Subscribe for Ideas

FIRST MIDWEST WEALTH MANAGEMENT Q3 2019 MARKET OUTLOOK

Economic Outlook

 

2019

2018

2017

GDP1 U.S. Growth Rate

Q2: 2.0%      Q3:2.0%Est. 2019=2.3%Est.

2.90%

2.30%

Unemployment Rate

Sept. 3.5%

3.90%

4.10%

Payroll Additions2

Sept. 136,000
YTD: 1,447,000

2,679,000

2,153,000

Consumer Price Index

Aug. YOY: 1.7%

1.9%

2.1%

Employment Cost Index

Q2-19  YOY: 2.7%

2.9%

2.5%

Sources: 1 Bureau of Economic Analysis, Next GDP Release: October 30, 2019 

2 Bureau of Labor Statistics, Next Jobs Release: November 1, 2019

Mounting macro headwinds – The U.S. economy continues to grow despite global challenges that continue to impact the U.S. economy to some degree. In the second quarter, the economy grew at a 2% pace. The latest September projections of the Federal Reserve showed estimates for growth of 2.2% for all of 2019 and 2.0% for 2020. The economy has continued to add jobs, averaging nearly 161,000 a month in 2019. GDP growth this year has been led by the consumer and continued job growth has helped maintain consumer spending. Inflation remains low, with the Consumer Price Index at 1.7%. Low inflation has given the Fed increased flexibility to lower interest rates twice so far in 2019, with an expected third rate cut in October, as the latest reading implies the markets have priced in a 75% probability of another rate cut in October.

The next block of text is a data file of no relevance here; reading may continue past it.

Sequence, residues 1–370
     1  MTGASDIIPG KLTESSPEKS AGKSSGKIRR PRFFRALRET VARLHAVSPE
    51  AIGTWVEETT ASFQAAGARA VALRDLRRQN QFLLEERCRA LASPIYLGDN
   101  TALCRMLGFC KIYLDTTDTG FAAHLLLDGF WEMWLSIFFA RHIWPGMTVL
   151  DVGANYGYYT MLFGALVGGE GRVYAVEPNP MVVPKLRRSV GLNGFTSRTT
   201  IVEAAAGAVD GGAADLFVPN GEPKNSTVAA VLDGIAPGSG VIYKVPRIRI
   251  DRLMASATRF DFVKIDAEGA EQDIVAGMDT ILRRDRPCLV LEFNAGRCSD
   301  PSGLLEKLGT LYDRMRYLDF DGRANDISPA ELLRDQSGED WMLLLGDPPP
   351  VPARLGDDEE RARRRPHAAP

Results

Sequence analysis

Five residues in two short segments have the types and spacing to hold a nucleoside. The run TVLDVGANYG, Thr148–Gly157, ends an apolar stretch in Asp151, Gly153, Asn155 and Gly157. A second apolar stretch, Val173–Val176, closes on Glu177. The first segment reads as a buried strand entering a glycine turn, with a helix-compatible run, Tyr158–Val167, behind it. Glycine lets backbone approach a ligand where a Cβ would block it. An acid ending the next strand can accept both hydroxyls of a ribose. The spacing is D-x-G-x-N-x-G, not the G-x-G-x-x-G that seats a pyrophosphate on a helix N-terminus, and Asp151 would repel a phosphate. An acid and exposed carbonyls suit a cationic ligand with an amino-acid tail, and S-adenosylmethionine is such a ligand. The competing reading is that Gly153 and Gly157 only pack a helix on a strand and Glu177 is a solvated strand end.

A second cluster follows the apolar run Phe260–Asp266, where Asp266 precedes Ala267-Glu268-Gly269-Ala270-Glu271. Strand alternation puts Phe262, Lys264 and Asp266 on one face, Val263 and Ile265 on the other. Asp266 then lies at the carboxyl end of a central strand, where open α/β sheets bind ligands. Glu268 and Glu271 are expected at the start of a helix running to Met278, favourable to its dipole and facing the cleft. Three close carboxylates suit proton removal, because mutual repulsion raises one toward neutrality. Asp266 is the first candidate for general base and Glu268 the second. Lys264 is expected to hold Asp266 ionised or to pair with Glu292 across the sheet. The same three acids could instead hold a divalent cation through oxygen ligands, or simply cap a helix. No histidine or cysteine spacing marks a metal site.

Global growth continues to slow, primarily due to on-going trade tensions. China and Europe continue to report slowing data in the latest retail sales and business surveys. In  response so far this year, 18 central banks around the world have lowered interest rates with the intention to provide more stimulus to boost growth. The OECD, or Organization for Economic Cooperation and Development Leading Indicator, a broad measure of global growth, has declined for 20 straight months and is 1.2% lower than a year ago; indicative of on-going sluggish growth.

With the record economic expansion now over 10 years, the incoming data reads are more critical this late in the cycle.

Growth can continue based on:

  • Monetary Stimulus. The Federal Reserve and other global central banks have signaled further easing of monetary policy. The Fed has repeatedly stated that they will act appropriately to sustain the economic expansion.